Bad bureaucracy experience
Bright and early Thursday morning, I pulled into a visitors’ parking lot at the state Capitol Complex in Charleston. Rather, I slammed into the lot. Squarely in the middle of the lot entrance was a large pothole.
Not exactly the best way to create a good impression among visitors to the Capitol.
After parking, I got out of the car and trudged across a much larger parking lot closer to the Capitol. I wasn’t allowed to park there. It’s for state employees only.
Thursday’s experience is only one reason why I fear House of Delegates member S. Marshall Wilson, I-Berkeley, won’t accomplish much with a bill he introduced last week.
“My intent is that administrative managers incorporate the insights received from citizens to improve customer service and to hold employees accountable for poor service,” Wilson said of his bill.
You get the idea. People who have bad experiences with state employees are supposed to rat them out, in the hope their superiors will tell them to shape up or ship out.
Let’s be clear: The vast majority of state employees are courteous and helpful. Heck, even the state troopers refer to us or “sir” and “ma’am” while they’re handing us speeding tickets.
And as I’ve told officials in Charleston, people who work in our state parks go way above and beyond the call of duty. During the past year or so, I’ve interacted with 20-30 of them and found them to be courteous and helpful to a fault.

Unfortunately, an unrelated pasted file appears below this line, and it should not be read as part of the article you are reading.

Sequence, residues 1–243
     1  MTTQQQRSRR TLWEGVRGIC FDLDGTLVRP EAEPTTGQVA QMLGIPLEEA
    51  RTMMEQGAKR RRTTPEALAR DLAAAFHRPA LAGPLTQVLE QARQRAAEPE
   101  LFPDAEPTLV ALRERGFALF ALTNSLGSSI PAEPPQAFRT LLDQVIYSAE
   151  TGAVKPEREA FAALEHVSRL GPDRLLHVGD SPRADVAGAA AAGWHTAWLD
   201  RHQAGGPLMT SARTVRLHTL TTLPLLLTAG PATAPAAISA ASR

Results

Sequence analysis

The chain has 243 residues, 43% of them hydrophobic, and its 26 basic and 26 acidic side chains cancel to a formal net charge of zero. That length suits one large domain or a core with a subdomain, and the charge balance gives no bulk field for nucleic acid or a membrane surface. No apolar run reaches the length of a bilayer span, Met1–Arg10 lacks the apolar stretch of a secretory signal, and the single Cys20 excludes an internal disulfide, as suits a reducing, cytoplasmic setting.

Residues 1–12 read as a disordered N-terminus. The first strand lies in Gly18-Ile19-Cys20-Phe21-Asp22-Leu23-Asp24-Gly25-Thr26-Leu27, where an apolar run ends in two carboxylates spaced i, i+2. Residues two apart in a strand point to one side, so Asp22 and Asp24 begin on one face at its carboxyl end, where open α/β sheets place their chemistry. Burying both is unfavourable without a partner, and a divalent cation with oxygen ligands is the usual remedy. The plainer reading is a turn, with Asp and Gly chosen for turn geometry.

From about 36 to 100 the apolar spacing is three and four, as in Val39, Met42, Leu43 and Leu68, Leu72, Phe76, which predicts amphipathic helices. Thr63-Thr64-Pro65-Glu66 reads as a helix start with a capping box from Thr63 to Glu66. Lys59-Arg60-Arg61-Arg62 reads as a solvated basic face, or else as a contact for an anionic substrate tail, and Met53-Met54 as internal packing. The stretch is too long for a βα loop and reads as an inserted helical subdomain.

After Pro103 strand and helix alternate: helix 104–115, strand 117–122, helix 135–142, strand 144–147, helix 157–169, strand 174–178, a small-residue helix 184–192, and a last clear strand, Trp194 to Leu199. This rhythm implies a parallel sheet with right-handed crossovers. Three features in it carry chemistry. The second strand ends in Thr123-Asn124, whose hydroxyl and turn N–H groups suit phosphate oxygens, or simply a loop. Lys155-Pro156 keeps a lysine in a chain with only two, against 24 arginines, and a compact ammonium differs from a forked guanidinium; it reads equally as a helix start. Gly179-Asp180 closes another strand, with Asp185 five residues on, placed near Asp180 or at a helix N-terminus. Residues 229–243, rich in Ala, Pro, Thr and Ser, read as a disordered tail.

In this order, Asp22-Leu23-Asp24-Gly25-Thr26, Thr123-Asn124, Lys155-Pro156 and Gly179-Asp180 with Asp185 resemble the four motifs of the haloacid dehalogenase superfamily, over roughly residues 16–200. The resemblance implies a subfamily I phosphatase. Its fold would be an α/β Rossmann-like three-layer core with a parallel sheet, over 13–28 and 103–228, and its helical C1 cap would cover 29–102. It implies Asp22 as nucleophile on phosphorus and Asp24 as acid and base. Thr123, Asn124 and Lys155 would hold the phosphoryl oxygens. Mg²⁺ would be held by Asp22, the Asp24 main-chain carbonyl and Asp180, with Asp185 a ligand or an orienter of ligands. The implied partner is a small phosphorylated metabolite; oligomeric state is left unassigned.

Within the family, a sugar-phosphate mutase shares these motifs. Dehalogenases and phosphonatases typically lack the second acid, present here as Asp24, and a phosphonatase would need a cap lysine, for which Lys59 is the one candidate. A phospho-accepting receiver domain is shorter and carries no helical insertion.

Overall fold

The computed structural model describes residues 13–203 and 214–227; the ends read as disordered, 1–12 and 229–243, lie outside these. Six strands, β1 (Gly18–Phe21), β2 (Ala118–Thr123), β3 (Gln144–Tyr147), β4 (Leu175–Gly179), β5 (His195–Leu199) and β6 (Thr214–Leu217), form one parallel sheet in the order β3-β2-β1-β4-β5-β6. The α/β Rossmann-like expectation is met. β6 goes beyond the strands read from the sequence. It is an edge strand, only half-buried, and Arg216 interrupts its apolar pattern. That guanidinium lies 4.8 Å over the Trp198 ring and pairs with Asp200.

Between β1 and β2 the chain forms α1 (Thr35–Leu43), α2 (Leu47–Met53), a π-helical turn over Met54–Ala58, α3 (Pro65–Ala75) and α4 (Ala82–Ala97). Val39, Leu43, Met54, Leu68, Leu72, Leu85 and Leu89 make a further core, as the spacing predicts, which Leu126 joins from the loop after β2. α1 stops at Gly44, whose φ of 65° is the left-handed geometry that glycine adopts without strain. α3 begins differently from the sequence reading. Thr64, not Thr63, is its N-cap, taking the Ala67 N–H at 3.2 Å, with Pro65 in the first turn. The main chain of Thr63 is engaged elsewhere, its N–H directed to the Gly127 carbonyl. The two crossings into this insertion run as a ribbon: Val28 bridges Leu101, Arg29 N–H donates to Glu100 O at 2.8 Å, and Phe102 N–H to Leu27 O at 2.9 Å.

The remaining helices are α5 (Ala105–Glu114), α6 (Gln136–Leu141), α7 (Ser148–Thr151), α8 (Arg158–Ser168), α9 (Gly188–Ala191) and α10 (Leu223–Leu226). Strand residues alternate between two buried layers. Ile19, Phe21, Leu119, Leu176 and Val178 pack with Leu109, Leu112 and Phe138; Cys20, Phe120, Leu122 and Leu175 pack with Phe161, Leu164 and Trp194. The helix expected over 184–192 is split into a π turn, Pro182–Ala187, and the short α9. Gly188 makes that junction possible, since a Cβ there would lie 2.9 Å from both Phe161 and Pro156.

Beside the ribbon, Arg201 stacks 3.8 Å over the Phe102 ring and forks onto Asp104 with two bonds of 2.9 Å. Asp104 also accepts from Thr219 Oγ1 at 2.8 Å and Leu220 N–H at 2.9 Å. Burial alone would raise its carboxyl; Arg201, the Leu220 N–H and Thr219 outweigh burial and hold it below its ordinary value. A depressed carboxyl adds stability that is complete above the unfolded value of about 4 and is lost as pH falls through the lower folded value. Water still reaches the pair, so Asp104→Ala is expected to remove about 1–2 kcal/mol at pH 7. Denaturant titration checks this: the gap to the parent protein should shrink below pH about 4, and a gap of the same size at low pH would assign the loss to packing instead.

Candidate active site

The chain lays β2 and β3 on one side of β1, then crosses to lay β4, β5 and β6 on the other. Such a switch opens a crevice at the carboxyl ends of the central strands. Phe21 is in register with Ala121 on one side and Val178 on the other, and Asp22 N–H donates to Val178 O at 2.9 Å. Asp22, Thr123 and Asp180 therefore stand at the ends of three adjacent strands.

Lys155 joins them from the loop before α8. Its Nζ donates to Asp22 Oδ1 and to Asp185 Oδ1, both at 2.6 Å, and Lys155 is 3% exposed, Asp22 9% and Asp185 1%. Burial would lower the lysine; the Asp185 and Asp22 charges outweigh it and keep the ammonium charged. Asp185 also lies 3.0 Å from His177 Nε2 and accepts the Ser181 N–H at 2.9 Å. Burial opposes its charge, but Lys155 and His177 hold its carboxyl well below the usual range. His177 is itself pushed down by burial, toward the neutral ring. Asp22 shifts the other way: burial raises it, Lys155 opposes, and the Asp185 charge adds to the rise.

Occasionally, you run into bad apple. You know the type — the folks who insist you have to jump through every bureaucratic hoop in the rulebook in order to get done whatever business you have with state government.
How many of them are just trying to be rude and obstructive? More than likely, I suspect, they’re afraid that if they don’t demand you dot all the “i’s” and cross all the “t’s,” they’ll be chewed out by their supervisors.
All too often, said supervisors are people who have played the bureaucratic game well for many years. And, you guessed it, even they worry that any deviation from the rulebook will bring the wrath of their superiors down on them.
Rule No. 1 in the bureaucracy is that the rules must be followed for their own sake, even if they fly in the face of common sense.
And the people who make the rules seldom come in contact with the public — and thus, have nothing to fear from Wilson’s bill. Who do you think decided visitors to the Capitol ought to have to walk farther than state employees? Who do you think has to authorize repairing that pothole?
Bless you for trying, Delegate Wilson, but if you want to know why you’re doomed to failure, try parking in the Capitol visitors’ lot.
Myer can be reached at: firstname.lastname@example.org.